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More alarming news for the Dolphins; Friday media notes


Even beyond the team’s poor on-field product and difficulty selling tickets, this also should very much alarm the Dolphins: Never in at least the past decade – probably much longer – has a season-opening Dolphins game generated a local television rating nearly as small as the shockingly low 13.5 against the Houston Texans.

That not only trailed the Dolphins’ 17.7 average local rating last season, but also was by far the worst rating for any NFL market’s home team on opening weekend.

For perspective, consider that the Dolphins averaged a 20.2 rating for their previous 10 openers, meaning 20.2 percent of Miami-Fort Lauderdale homes with TV sets were tuned to the game.

Last year, 21.8 percent watched the Dolphins-Patriots prime-time opener, equal to 345,000 homes. This year’s opener, on CBS-4, was viewed in 213,813 homes.

That means the Dolphins somehow lost 131,000 Dade/Broward households (far more, in terms of actual number of viewers) from one opener to the next, which is stunning. And that obviously doesn’t include the 66,000-plus who attended the Dolphins-Patriots opener but couldn’t attend Sunday’s game in Houston.

Sunday’s rating also significantly trails those for the Dolphins’ previous two Sunday afternoon openers -- a 20.5 in 2009 at Atlanta and a 17.3 in 2010 at Buffalo.

By comparison to the 13.5 for Sunday’s opener, 50.3 percent tuned in for the Steelers in Pittsburgh, 30.2 percent in Minneapolis for the Vikings, 23 percent in Jacksonville for the Jaguars. Next-lowest, after the Dolphins? The Falcons-Chiefs opener, viewed in 18.5 percent of Atlanta homes.

Well, at least Dolphins-Texans wasn’t beaten locally by any other NFL games (that would have been embarrassing) and wasn’t as low as the 12.1 local rating for Dolphins-Patriots on Christmas Eve day last season.

Here’s what should concern the Dolphins: At some point, does fan anger turn to apathy? It probably will not for the majority of Dolphins fans, but it is clearly happening for some who apparently are no longer motivated to spend Sundays watching a team that continues to flounder.

Season ticket sales, which reached 61,121 in 2006, sunk to 42,584 last year – lowest since 1983 – and Miami has been struggling to approach that number.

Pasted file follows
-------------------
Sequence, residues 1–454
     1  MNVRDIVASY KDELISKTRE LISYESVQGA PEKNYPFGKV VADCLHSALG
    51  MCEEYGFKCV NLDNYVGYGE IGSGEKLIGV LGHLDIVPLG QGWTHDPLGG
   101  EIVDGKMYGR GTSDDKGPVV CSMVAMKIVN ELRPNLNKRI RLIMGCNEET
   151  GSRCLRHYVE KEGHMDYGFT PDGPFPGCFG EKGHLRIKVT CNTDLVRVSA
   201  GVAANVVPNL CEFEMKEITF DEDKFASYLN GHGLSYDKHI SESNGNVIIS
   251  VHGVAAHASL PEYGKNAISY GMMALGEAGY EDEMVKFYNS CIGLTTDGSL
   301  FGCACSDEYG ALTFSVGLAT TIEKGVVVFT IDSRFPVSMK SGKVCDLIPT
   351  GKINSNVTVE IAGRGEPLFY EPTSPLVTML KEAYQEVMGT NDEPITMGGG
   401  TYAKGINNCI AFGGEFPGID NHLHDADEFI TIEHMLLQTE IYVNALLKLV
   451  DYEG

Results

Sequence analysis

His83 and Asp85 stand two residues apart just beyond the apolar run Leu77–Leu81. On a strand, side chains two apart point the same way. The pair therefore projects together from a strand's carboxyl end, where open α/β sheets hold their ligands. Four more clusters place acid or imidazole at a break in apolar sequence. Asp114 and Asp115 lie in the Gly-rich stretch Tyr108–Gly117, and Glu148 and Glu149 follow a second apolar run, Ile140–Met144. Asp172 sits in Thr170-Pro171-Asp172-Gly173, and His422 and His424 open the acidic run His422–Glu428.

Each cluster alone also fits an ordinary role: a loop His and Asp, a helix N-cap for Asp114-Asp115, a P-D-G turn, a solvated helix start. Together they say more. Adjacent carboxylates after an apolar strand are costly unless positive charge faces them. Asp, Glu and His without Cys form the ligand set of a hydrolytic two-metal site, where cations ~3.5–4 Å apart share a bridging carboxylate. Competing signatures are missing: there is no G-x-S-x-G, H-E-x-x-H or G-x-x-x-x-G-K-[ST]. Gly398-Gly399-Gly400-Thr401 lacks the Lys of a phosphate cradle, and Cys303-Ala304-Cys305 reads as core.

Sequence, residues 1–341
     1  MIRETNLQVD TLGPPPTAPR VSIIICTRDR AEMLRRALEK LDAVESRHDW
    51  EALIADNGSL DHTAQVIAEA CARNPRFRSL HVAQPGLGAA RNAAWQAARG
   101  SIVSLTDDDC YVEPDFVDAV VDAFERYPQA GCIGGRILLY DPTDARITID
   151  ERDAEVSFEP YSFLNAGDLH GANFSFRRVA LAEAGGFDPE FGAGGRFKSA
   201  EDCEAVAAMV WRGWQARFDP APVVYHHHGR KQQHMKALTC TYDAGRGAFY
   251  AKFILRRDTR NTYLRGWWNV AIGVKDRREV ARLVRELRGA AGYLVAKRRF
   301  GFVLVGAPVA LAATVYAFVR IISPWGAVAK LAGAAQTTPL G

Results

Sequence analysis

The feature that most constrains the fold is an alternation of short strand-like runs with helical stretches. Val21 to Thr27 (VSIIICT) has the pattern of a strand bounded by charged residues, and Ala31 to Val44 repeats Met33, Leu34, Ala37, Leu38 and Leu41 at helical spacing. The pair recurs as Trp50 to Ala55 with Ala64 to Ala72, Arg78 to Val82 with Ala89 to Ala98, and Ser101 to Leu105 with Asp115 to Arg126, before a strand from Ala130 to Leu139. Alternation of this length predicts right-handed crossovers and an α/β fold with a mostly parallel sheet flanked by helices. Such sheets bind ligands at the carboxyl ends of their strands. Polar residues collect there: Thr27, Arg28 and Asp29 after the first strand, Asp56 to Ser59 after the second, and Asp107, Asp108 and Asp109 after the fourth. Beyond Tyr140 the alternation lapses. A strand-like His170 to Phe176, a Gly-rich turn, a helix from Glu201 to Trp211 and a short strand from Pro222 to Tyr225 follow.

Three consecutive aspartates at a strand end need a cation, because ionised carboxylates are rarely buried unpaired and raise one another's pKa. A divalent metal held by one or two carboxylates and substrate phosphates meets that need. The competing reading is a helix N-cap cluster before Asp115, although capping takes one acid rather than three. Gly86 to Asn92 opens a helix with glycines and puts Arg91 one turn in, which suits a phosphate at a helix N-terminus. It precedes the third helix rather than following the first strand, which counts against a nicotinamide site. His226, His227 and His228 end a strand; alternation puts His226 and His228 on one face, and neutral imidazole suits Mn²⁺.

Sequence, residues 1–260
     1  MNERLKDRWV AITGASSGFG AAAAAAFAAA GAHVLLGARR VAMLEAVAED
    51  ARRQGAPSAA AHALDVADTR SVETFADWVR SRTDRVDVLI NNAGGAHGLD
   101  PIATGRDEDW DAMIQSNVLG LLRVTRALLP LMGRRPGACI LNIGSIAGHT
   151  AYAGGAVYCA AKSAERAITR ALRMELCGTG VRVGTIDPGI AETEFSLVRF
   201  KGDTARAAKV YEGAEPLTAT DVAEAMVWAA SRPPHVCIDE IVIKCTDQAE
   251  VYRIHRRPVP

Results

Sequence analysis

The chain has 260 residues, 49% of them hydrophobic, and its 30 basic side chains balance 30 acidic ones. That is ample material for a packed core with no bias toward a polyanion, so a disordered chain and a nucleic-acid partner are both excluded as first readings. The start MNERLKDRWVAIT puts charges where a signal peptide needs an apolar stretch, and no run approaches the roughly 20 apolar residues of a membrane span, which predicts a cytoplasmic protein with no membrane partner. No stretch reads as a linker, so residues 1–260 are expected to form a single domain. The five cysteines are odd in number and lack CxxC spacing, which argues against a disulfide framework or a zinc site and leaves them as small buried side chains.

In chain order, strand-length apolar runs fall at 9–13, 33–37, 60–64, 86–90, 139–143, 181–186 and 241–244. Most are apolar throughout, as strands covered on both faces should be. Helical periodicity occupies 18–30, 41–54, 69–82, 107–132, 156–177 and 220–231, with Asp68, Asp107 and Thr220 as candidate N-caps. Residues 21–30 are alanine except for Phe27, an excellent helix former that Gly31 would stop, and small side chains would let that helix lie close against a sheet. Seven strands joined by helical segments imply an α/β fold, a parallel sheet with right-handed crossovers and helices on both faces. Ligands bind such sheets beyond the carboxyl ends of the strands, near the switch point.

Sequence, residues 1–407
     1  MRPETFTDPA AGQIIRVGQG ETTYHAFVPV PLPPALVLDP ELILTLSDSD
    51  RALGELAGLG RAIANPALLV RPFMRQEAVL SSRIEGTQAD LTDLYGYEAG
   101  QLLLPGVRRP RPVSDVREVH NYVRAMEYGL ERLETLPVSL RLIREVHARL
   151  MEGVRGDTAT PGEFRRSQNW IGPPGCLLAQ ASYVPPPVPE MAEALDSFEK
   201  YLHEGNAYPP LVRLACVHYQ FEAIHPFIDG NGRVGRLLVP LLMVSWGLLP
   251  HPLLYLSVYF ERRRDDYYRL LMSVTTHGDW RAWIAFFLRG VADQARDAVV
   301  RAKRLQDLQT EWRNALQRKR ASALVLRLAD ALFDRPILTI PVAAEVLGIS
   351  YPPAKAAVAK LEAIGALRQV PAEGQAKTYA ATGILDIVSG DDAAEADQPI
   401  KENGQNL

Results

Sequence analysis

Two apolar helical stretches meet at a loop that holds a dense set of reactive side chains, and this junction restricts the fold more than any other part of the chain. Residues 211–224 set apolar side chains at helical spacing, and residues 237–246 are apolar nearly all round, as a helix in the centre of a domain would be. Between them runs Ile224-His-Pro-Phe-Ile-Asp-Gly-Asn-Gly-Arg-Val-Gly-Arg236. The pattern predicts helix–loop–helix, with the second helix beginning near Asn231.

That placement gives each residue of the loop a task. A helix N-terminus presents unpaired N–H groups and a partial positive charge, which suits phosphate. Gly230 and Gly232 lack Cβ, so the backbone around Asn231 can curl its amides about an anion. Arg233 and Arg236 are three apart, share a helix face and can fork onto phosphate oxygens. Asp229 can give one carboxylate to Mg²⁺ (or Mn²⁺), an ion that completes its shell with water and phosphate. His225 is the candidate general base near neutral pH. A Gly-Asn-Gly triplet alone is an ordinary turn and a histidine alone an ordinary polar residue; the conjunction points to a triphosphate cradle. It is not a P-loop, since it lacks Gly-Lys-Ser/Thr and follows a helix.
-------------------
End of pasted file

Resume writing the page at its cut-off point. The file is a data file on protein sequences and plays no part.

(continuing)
ESPN says it is interested in hiring former Heat and Magic coach Stan Van Gundy, but network president John Skipper told us this summer that Stan likely would not be paired with his brother Jeff on ABC’s lead NBA team.

ESPN has neither confirmed nor denied this week’s SportsByBrooks.com report that Van Gundy and Bill Simmons will replace Chris Broussard and Jon Barry on the ABC/ESPN studio show. A source said Simmons replacing Broussard is very likely; Van Gundy's discussions with ESPN are still ongoing.

Broussard would return to his role as ESPN's NBA information man; Barry would do games and appear on SportsCenter and other NBA studio shows.

### Stan Van Gundy was at his feisty best this week in a Grantland.com podcast with Jeff Van Gundy, Dan Le Batard and Jon Sciambi.

“David Stern loves all the controversy unless it’s about David Stern,” Stan said. “David Stern likes all these other controversies, but if his name is involved or his integrity is questioned, well, My God, that’s off limits. We can drill everyone else in the league. We can drill 450 coaches, 30 head coaches, 30 general managers. David Stern and the referees… are the only untouchable people whose performance cannot be evaluated, criticized, or anything else. It becomes absurd.”   

### Live video of Saturday’s UM-Bethune Cookman game is available only on the Internet (for free, on WatchESPN.com), and only to fans who receive their high-speed Internet connection from an affiliated service provider, the list of which is provided on the web site.

### Despite some omissions in play-by-play and a delayed recognition of an early fumble, Chris Berman’s call of the Chargers-Raiders opener wasn’t the train wreck that some feared. But Berman couldn’t resist his usual shtick. He said merely “Bang!” on the opening kickoff instead of identifying who made the tackle, and name-dropped former Raiders and Oakland A’s players for no reason other than to amuse himself. But he took the right approach in being more understated than many expected.

Berman wasn’t helped by the meandering analysis of Trent Dilfer, who used odd verbiage (who else refers to quarterback pressure as “conflict in the pocket?”) and was too simplistic in saying: “If Philip Rivers is your quarterback, you should be the favorite to win your division.” (But what if Peyton Manning plays in the same division, Trent?)

### In a joint effort with CBS, Showtime – beginning in November – will air a monthly “60 Minutes of Sports,” featuring two original stories, one updated story that previously aired on 60 Minutes, and an interview.

### Dumbest Week 1 remark: Fox’s Michael Strahan saying the Jets might bench Mark Sanchez eventually because of “crowd chants.” Even Terry Bradshaw responded with a dismissive, “Please!’

### NFL Network has this bad habit of running the words “Breaking News” on its scroll before presenting news that’s two days old, as it did on opening Sunday with the alleged “bounty players” being reinstated. But credit NFL Network for running the inactive player list on a scroll on Sunday mornings – unlike ESPN.

### Absurd: USC football coach Lane Kiffin banned Los Angeles Daily News beat writer Scott Wolf from covering the team for two weeks because he reported USC's kicker had knee surgery. Kiffin has a policy that injuries cannot be reported that were observed in practice. But the injury wasn't observed at practice, so Kiffin had no case. Wolf was reinstated, two days into the ban, after his sports editors complained to athletic director Pat Haden.